Looking deeper into some of the analytics application areas across the grid and customer market segments reveals the critical roles that integration and data quality will play in the successful implementation of so many of these solutions that leverage GIS. For example, in asset management, utilities need to have a clear vision of the role that each system plays in the overall scheme of managing millions or even billions of dollars of assets in the field that keep the lights on for millions of customers. The GIS provides the locational data and in some cases is the repository for the asset data, while in other cases the asset data resides in another system, like SAP or Maximo. Factor in inventory store and crew dispatch functionality and the requirement for clean integration becomes readily apparent. Here's a new driver to the asset management world: the proliferation of sensors across the grid creates more opportunities to manage those assets predictively, and with an integrated GIS, spatial analysis of the repair versus replace decision can identify trends and streamline maintenance processes.
On the customer service and engagement side of the utility, the potential roles of GIS are too many to list here, but, for example, spatial analysis can be integrated with third-party demographic data for debt collection and improvement. Or companies can integrate third-party demographic and even income data to profile and target customers for energy efficiency or demand response programs. Also, everybody who has a smart phone is a source of customer intelligence with a utility's ability to spatially analyze the unstructured data from Twitter tweets for a variety of customer service applications, like outage reporting and bill payment.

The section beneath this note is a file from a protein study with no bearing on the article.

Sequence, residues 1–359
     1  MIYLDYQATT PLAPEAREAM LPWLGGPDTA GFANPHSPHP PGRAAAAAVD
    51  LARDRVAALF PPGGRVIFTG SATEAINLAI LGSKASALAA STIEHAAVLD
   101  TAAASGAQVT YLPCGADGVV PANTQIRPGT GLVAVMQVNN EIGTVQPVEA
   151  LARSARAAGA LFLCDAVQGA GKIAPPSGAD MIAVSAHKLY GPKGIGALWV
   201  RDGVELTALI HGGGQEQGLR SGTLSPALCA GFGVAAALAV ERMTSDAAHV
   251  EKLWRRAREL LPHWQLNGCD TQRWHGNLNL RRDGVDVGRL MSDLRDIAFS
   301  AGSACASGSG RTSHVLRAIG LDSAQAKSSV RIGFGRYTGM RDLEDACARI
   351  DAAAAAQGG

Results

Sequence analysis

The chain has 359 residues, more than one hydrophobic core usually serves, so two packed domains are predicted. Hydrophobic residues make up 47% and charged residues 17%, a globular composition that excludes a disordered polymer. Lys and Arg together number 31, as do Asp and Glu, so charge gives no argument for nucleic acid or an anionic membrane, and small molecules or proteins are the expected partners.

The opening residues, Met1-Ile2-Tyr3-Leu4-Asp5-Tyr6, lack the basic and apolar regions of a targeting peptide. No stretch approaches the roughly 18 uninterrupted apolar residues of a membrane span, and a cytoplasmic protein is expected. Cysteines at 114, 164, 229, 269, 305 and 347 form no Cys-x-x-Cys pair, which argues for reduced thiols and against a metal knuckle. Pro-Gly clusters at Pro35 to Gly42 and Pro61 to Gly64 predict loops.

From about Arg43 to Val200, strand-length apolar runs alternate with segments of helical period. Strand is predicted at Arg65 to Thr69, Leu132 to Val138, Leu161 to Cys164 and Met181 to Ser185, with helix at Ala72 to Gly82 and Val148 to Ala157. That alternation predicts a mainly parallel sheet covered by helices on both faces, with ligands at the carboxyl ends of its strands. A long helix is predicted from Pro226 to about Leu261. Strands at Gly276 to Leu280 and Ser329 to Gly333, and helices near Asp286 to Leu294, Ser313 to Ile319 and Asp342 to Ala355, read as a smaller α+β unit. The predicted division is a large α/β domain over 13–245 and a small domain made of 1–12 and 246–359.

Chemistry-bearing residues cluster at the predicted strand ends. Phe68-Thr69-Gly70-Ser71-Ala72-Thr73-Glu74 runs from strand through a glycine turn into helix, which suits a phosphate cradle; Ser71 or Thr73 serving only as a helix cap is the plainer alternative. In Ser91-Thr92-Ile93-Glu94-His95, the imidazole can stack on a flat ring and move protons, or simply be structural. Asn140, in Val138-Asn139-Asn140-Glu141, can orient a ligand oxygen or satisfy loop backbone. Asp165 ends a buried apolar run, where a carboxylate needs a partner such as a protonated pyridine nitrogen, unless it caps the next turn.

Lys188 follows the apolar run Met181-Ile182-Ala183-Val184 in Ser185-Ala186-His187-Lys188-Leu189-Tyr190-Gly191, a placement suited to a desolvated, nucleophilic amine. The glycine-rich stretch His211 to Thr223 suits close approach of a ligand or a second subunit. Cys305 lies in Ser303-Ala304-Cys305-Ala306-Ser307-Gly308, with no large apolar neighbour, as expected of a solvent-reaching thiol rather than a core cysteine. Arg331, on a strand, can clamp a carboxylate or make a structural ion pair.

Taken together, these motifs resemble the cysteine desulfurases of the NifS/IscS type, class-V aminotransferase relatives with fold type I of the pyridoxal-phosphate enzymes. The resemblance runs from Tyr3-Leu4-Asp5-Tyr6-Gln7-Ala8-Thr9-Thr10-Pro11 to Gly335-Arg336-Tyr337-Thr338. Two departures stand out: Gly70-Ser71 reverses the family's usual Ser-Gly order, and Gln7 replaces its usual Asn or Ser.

When I get someone with Bill's experience and wisdom on the line, I always like to throw out a crystal ball type of question, which in this case was about what benefits might come out of the analytics era that we aren't necessarily thinking about right now. Bill didn't miss a beat and jumped right on this: "I think and am hoping that smart meter data will eliminate many of the bad surprises that I have experienced over the years in utility operations. Especially things blowing up -- like when transformers overload and blow up. Smart meter data will enable better monitoring of the system health and well-being of their assets. Also, with the smart grid there will be more prediction of failure than actual failure itself. This will also enable the system to run more effectively, and this might even enable utility staff to learn more about the system that they never knew. With more data available, patterns will emerge and intelligence will result."
The analytics market continues to be a field rich in opportunity for improvement of utility grid and customer operations, and GIS can and will be a key piece of utilities realizing the full potential of their investments in analytics.
Mike Smith is a vice president with the Utility Analytics Institute.